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Lord Bilimoria, Chair of APPG, UK

Lord Karan Bilimoria, co-founder of Cobra Beer and chancellor of the University of Birmingham, is currently co-chairing the All Party Parliamentary Group for International Students. An outspoken advocate for international students, here he talks Brexit, the role of the APPG, and where the government has gone wrong on international education.

The PIE: What took you from founding a beer company to your involvement in higher education?

"People outside the UK believe, including our international students, that we should stay in the EU"

KB: I am the third generation of my family in India to be educated in Britain. Both grandfathers were educated here, my mother, my brother and now me and I have seen the power of bridge building between countries that’s generations on.

I was the youngest university chancellor in the country when I was chancellor of Thames Valley University, (now the University of West London) for five years up to 2010 and now I am chancellor of the University of Birmingham. Just this year I have taken over as chair of the advisory board of the Cambridge University Judge Business School, so I am quite involved with higher education in Britain, and recently was appointed as president of UKCISA, which of course represents all international students in the country.

“I have seen the power of bridge building between countries that’s generations on”

The PIE: How did the APPG get started?

KB: We found there was a huge amount of interest about international students in parliament and with the way that [international education] has been so badly damaged with the coalition government and the current government.

We felt that there was a need to start an All Party Parliamentary Group focusing on international students, given that it is such a big part of our economy. If you look at international students, they are one of our biggest export earners – they bring in up to £14bn directly or indirectly to the economy and are one our most important elements of soft power in the country, in terms of the bridges that are built with countries, the number of world leaders that have been educated at British universities at any one time. And they enrich our universities, they enrich the experience for our domestic students.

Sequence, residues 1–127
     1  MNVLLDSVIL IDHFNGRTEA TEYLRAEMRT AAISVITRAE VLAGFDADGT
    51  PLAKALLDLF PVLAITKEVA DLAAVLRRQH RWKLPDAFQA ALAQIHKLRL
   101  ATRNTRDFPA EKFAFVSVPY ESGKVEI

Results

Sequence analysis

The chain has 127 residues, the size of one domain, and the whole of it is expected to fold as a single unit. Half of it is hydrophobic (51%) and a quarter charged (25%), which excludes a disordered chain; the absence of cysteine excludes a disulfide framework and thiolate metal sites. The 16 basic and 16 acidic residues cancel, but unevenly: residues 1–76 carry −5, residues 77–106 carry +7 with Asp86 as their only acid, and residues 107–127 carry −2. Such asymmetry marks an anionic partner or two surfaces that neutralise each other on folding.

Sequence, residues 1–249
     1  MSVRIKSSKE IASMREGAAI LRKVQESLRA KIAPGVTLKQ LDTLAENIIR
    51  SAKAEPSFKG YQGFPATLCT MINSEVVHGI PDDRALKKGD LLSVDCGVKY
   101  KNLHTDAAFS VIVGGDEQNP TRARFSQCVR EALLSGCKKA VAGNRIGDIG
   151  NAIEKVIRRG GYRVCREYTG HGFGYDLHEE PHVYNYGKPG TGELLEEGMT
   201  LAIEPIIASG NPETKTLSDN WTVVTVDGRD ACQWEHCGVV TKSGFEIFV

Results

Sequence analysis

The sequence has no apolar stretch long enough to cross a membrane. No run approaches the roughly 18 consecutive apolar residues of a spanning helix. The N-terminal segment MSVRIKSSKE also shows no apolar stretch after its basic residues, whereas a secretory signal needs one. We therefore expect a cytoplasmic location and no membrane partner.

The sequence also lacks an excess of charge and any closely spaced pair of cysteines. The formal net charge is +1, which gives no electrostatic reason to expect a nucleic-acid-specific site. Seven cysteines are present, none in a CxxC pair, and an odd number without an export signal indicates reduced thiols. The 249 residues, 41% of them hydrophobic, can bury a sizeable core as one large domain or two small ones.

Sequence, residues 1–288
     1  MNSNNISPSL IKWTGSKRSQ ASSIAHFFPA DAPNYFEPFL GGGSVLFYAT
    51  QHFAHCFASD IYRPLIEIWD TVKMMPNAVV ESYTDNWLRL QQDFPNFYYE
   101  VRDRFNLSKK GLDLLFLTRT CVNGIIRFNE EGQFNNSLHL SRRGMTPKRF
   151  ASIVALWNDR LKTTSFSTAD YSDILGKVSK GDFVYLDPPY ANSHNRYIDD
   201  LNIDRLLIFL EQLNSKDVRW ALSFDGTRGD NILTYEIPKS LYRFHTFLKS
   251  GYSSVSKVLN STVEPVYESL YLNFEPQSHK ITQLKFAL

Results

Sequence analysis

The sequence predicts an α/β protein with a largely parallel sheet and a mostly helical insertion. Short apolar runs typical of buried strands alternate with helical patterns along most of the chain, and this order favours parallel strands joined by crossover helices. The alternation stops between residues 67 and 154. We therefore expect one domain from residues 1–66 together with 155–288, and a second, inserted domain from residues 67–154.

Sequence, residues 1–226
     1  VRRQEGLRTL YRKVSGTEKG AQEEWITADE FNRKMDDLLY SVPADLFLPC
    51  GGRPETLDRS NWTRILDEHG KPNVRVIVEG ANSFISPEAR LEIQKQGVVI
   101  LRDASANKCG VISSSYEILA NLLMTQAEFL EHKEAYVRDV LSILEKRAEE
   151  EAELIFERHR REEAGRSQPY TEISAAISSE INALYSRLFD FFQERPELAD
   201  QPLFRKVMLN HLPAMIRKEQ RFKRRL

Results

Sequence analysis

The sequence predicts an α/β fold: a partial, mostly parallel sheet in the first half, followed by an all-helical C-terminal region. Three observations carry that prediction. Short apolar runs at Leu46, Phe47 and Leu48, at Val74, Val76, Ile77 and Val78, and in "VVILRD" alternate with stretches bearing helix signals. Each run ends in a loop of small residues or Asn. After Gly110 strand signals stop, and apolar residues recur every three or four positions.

The PIE: And what are you hoping to achieve through the APPG?

KB: The objective is to have at least two meetings a year and also to be a voice in parliament on an ongoing basis for international students in parliament. We’ve seen the thrill of the way it has been received, the reception it has had straight away within parliament and the higher education community – everyone has been very happy to hear that the APPG has been formed.

The PIE: You say international students have been “badly damaged” by government policy – what have been the biggest missteps in this area?

KB: On the one hand, the government says that there are no limits to the number of international students; on the other hand, it continues to include international students as immigrants and therefore they are included in the net student immigration figures, which the government has a specific target to reduce.

As long as the government keeps including international students within net immigration figures, the message to the outside world and to international students wanting to come here is actually Britain wants to reduce them, unlike our competitor countries like the United States, Canada, Australia, who classify international students specifically for the purposes of net migration.

“That one gesture, I know personally the Prime Minister himself is willing to do”

We can do the same thing and it would send a very strong signal to the whole world and to the international student community that we are not treating you as immigrants – that one gesture, which I know personally the Prime Minister himself is willing to do but because of the immigration rhetoric which is so central to this EU referendum campaign, the government is not doing anything about it.

The PIE: You spearheaded the introduction of the post-study work visa that was then abolished in 2012. Do you wish you could see it brought back?

KB: If you look at the statistics of Indian students, for example, after the two-year postgraduate work visa was abolished, the figures have plummeted by 50%. So the reality is that the government is saying that students can stay on and work through the Tier 2 system, but in practical terms you talk to international students and they find it very difficult to find employers to sponsor them.